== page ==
By the Numbers29 Nov, 2010 By: Alex Herrera
CAD to Go Sidebar: A mobile workstation is a valuable tool for the mobile professional, but don't throw away your desktop workstation quite yet, cautions Jon Peddie Research.
The mobile workstation made its first big splash in 2003 and accounted for roughly 101,300 units, or 6% of total workstation units shipped that year. In 2004 through 2006, it was by far the largest growth segment for the workstation industry. But in 2007, as expected, the segment's growth rate began to fall more in line with the overall market, and its market share began to settle in the low- to mid-20% range. The graphic below shows annual market share data from 2003 to 2009.
The guts of a mobile workstation have quite a bit in common with a high-end corporate notebook, but there is one key differentiator: the graphics. Whereas integrated graphics dominate shipments in mainstream mobile workstations — formerly in the chipset, and now migrating to the central processing unit (CPU) with the Intel Westmere and AMD Fusion microprocessors — the attach rate for discrete graphics processing units (GPUs) on branded mobile workstations remains at 100%.
And the GPUs that are populated by mobile workstation OEMs aren't the garden-variety, gaming-focused types. The core technology for NVIDIA's mobile Quadro FX and AMD's FirePro Mobility professional GPUs is derived directly from their gaming brethren, but the drivers (and sometimes hardware) are optimized to handle the types of graphics involved in professional applications. An AutoCAD user will see much faster rendering of smooth lines on a mobile workstation using a professional GPU than on a generic corporate machine without one.
Who Should Go Mobile? It's clear from the numbers that professionals are buying mobile workstations at a substantial rate. Engineers, designers, and digital content creators — those who would have relied on desktop workstations in the office — are natural candidates for using a mobile workstation rather than a corporate notebook on the road. For an engineer who is using a desktop workstation in the office and lugging a corporate notebook home at night and on weekends, replacing the latter with a mobile workstation is a no-brainer. For a geoscience engineer sitting at a potential drill site, the mobile workstation is clearly the better option. And anecdotally, a lot of management types are getting them as well, perhaps for status or cache, even though the performance of the standard corporate model would meet their computing needs.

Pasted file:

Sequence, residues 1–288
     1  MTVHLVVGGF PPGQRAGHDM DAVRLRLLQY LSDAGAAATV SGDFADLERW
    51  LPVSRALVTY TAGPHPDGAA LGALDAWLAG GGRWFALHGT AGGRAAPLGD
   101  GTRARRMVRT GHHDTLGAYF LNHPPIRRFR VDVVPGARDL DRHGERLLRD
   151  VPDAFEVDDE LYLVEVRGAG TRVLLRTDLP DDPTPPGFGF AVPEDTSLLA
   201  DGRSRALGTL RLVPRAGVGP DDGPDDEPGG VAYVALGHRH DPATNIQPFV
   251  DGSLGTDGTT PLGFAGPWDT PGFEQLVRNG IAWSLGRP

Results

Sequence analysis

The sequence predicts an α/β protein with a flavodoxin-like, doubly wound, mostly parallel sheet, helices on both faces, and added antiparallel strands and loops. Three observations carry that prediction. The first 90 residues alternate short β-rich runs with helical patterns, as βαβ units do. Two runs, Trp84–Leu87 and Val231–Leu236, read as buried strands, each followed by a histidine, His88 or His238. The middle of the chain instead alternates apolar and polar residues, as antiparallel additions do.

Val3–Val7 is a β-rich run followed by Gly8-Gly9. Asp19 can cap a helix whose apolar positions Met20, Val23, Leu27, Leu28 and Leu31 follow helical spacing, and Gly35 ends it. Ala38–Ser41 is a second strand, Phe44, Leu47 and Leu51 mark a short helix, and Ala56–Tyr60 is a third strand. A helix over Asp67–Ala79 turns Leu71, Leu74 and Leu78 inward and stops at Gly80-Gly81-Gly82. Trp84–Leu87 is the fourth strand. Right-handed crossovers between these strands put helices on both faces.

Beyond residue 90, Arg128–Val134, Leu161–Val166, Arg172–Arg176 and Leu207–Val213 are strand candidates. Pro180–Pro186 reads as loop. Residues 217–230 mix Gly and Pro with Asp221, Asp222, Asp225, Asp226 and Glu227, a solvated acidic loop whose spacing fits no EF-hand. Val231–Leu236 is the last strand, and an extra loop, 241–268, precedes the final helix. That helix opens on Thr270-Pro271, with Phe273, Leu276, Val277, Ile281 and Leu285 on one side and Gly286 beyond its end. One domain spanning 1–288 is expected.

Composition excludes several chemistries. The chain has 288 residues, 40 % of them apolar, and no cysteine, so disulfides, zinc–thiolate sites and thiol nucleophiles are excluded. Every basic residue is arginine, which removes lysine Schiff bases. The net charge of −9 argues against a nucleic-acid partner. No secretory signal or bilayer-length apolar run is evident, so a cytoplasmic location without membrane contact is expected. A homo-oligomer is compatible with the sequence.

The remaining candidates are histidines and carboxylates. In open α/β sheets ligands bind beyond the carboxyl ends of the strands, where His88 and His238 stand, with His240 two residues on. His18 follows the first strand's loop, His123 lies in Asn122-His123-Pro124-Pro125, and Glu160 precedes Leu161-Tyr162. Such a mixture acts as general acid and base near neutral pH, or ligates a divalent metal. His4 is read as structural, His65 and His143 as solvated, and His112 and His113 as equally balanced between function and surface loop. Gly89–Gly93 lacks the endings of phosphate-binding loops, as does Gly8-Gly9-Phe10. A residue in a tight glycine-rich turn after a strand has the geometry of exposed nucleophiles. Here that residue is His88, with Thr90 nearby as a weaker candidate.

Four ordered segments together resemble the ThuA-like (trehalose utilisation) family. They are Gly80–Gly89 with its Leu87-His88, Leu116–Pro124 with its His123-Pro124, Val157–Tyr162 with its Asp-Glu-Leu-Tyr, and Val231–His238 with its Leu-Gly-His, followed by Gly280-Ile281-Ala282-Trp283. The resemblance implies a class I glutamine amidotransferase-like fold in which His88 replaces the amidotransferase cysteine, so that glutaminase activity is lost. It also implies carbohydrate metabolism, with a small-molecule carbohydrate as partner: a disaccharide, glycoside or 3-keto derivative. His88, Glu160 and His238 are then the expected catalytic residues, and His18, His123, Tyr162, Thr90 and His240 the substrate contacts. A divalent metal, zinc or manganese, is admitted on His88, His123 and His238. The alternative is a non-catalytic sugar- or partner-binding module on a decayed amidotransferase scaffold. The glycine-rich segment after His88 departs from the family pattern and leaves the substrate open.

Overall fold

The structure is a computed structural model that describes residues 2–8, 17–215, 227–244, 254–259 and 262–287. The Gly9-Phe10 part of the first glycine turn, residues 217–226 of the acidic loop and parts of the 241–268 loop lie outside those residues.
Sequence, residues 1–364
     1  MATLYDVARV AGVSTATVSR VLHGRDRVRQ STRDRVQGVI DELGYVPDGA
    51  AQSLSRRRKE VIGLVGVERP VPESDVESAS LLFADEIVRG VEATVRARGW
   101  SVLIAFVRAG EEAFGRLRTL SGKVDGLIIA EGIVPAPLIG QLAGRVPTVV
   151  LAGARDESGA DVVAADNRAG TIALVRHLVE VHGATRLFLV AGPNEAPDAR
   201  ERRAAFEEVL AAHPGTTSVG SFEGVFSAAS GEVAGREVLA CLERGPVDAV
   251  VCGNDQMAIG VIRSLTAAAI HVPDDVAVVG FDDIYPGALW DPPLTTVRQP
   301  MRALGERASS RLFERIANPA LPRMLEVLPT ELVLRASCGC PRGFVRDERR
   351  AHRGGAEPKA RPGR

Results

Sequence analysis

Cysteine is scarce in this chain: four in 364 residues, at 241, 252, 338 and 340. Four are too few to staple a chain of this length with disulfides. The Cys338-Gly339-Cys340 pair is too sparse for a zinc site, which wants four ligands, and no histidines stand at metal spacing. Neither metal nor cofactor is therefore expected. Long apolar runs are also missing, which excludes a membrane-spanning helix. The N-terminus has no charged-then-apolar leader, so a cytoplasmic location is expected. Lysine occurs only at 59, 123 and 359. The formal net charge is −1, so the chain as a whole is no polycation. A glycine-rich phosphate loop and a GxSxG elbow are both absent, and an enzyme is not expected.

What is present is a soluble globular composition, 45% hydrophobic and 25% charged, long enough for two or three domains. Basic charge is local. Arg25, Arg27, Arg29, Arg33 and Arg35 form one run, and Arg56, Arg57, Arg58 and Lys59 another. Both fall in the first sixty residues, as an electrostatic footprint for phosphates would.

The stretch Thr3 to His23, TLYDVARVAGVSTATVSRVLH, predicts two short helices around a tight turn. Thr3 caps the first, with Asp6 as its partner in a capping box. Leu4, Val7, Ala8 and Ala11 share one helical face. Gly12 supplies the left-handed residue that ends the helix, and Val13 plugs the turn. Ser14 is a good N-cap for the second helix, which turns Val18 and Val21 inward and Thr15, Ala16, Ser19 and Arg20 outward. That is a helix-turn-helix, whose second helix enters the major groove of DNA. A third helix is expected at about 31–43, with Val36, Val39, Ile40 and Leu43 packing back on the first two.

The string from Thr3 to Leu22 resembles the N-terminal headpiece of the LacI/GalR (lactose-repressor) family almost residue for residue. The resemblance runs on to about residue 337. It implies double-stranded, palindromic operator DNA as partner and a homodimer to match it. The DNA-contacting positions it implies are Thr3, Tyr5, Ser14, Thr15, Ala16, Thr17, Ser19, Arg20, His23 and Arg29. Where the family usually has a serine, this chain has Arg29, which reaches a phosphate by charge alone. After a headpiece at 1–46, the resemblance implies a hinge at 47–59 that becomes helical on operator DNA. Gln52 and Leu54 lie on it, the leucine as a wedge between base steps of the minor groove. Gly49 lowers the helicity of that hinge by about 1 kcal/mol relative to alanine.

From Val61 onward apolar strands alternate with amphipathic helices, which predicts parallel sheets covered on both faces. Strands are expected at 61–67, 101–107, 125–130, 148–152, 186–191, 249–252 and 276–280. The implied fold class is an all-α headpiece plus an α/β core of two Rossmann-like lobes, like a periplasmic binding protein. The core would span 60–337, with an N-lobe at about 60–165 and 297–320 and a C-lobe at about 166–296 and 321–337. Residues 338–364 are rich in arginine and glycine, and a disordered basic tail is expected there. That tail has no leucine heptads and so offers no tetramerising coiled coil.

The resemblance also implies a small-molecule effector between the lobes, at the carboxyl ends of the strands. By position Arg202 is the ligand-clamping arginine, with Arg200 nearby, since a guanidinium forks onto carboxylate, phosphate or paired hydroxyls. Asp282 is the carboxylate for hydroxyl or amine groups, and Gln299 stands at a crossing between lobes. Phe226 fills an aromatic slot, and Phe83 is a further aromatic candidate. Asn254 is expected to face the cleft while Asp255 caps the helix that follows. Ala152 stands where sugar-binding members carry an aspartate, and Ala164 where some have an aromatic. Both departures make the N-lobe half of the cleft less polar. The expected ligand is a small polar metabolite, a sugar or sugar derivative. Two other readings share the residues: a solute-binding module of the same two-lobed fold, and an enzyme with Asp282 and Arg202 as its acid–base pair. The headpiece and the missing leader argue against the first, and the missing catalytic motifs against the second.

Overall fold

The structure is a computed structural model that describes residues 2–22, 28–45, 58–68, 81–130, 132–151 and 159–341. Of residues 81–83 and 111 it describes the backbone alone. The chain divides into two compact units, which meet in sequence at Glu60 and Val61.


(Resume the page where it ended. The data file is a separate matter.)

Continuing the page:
All Mobile All the Time? If buyers can get all they'll ever want out of a workstation and get it in a mobile form factor, why shouldn't all professionals ditch the deskside and go mobile full-time? Well, as battery technology as well as CPU and GPU power efficiency improve, the capability gap between the mobile and the desktop certainly is shrinking. And that is encouraging more adoption of the mobile workstation as the primary machine — in fact, some enterprises are pushing for wholesale adoption of mobile workstations.
Today, however, this gap in capabilities remains significant. A desktop workstation will always allow for more power consumption, thermal dissipation, capacity, and usually display area in the common scenario where the office-based CAD user is equipped with multiple monitors. So most performance-hungry professionals who still spend a good chunk of the day at a desk running CAD, visualization, or analysis software will want the desktop workstation as their weapon of choice. It's hard for us to see those users ever abandoning the desktop system, unless they're out of the office literally all the time.
Add that all up and, although its current share of about a quarter of the market will grow, the mobile workstation likely won't surpass the desktop workstation in shipments any time in the foreseeable future.
For more information about the workstation market, see JPR's Workstation Report, a semiannual assessment of the state of the workstation and professional graphics industries.
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